Volume 569 Issue 7756, 16 May 2019
World View | 14 May 2019
Vaccination lags behind in middle-income countries
Poor children in relatively rich nations are being let down by immunization programmes
Seth Berkley, Gavi
Indonesia, Iraq and South Africa now rank among the ten countries with the highest number of under-immunized children worldwide, even though these countries are richer than many of their neighbours. What is going on?
Not so long ago, improving the health of the world’s poorest people meant focusing on the world’s poorest countries. That’s changing. Soon, the majority of the most vulnerable populations will be in middle-income countries (MICs), where gross national income per capita is between US$995 and $12,055 per year. Increasing migration, urbanization, conflict and climate change are causing inequities to yawn ever wider, despite United Nations Sustainable Development Goals to leave no one behind.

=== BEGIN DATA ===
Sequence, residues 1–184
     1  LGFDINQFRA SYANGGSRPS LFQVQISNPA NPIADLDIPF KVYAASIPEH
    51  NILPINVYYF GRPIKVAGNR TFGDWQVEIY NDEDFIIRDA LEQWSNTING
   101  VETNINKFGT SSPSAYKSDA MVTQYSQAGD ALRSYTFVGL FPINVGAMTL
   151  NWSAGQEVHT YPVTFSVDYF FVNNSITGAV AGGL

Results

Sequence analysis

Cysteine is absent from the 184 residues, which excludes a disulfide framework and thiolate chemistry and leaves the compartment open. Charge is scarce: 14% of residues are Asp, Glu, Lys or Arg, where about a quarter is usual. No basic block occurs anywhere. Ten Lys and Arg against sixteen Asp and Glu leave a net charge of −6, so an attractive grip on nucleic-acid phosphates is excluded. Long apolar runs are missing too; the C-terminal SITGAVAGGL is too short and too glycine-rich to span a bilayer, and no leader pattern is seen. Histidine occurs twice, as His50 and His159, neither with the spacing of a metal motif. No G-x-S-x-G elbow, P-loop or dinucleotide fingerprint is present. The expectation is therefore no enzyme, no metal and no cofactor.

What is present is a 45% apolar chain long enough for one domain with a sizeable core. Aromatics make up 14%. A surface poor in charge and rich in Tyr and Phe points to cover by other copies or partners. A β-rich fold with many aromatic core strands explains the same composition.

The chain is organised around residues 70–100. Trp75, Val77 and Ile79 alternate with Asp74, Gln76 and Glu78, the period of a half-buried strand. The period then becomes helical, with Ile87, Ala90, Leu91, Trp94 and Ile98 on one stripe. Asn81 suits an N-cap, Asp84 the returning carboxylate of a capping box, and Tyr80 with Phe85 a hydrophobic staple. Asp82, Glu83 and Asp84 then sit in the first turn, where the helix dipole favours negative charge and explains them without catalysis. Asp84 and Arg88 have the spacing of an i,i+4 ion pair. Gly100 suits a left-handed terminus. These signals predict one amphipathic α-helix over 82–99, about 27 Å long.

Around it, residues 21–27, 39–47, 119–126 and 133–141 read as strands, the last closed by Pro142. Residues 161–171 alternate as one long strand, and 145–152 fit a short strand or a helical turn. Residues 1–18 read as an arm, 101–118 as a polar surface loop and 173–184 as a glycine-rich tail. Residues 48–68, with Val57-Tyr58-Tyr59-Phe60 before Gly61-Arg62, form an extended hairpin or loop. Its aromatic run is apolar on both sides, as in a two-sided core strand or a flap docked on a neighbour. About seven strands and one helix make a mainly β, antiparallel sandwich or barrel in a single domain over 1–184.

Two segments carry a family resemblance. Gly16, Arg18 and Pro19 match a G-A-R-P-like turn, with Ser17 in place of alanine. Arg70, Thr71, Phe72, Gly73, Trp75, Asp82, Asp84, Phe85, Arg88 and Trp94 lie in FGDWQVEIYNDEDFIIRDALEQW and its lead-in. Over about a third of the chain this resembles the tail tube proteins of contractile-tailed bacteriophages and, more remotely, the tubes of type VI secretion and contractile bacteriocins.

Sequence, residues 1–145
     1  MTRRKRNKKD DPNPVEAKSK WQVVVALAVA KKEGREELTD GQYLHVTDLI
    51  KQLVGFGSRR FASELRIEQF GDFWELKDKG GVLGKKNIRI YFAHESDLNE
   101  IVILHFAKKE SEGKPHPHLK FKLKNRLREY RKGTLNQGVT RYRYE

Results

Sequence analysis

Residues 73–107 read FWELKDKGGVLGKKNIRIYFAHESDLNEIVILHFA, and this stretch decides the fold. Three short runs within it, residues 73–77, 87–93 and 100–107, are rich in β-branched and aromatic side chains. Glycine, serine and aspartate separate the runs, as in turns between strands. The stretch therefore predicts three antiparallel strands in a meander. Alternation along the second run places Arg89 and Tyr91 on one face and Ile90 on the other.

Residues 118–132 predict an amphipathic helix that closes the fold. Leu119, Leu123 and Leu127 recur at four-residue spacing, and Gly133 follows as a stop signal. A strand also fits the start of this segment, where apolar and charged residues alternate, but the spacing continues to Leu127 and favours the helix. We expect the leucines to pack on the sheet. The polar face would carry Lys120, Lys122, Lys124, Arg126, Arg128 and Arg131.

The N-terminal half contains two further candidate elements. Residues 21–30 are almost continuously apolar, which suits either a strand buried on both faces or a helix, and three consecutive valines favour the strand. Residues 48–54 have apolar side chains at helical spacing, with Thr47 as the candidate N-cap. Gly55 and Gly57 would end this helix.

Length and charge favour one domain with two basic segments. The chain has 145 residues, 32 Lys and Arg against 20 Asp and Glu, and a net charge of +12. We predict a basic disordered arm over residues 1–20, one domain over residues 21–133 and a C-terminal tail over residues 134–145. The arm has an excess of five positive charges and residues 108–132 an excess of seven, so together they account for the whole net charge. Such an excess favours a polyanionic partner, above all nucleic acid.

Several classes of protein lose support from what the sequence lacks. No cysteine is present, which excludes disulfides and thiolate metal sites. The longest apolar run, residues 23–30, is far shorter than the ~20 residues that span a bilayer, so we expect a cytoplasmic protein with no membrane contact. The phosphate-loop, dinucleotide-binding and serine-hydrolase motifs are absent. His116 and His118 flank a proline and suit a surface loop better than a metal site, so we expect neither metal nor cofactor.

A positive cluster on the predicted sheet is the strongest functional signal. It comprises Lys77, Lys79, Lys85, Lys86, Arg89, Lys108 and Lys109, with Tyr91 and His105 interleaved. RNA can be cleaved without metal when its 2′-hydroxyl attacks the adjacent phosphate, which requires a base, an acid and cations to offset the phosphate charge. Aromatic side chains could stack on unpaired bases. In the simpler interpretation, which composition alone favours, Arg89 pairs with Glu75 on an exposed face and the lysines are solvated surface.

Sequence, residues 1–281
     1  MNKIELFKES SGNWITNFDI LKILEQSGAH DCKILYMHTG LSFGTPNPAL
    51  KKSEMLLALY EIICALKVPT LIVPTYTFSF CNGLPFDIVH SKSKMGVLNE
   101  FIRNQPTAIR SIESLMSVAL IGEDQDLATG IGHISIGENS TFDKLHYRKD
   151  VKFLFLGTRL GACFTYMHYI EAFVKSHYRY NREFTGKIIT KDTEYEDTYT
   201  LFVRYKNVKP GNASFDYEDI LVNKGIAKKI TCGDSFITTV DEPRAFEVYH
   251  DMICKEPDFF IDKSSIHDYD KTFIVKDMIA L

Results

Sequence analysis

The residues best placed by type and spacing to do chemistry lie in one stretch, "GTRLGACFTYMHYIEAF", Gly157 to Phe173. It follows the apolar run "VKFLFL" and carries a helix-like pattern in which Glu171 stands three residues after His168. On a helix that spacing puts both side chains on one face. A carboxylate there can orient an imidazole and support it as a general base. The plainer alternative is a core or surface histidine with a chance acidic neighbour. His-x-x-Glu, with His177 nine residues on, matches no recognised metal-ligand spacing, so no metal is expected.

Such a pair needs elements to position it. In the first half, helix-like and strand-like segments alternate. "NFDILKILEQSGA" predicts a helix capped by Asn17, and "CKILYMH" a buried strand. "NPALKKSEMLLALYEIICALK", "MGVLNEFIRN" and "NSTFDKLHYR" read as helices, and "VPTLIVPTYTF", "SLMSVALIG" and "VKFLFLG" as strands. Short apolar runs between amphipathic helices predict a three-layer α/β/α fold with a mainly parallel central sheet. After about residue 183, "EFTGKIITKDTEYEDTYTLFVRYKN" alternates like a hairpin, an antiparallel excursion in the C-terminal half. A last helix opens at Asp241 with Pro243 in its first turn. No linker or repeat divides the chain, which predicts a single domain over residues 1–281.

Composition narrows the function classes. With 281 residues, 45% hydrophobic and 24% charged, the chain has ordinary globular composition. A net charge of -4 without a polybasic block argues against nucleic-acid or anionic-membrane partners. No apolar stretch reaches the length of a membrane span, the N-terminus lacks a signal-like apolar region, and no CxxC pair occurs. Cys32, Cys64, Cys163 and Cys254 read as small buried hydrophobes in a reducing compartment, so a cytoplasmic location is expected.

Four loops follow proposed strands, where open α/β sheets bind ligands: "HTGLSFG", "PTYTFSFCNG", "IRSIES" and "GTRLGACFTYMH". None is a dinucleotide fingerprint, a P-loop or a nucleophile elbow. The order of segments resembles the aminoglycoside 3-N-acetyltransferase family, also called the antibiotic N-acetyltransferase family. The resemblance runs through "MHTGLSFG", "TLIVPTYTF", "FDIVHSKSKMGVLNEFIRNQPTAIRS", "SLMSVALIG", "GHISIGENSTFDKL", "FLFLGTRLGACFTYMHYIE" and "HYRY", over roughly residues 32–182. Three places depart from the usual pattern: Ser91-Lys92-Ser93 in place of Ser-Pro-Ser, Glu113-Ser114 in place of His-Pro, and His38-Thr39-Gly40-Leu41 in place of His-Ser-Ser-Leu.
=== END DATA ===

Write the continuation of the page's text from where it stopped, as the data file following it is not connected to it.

As the World Health Assembly meets in Geneva, Switzerland, next week, the development community must tackle an emerging conundrum: how do we increase access to vaccines, primary health care and other essential health interventions in countries that can — at least according to their gross national incomes — afford them?…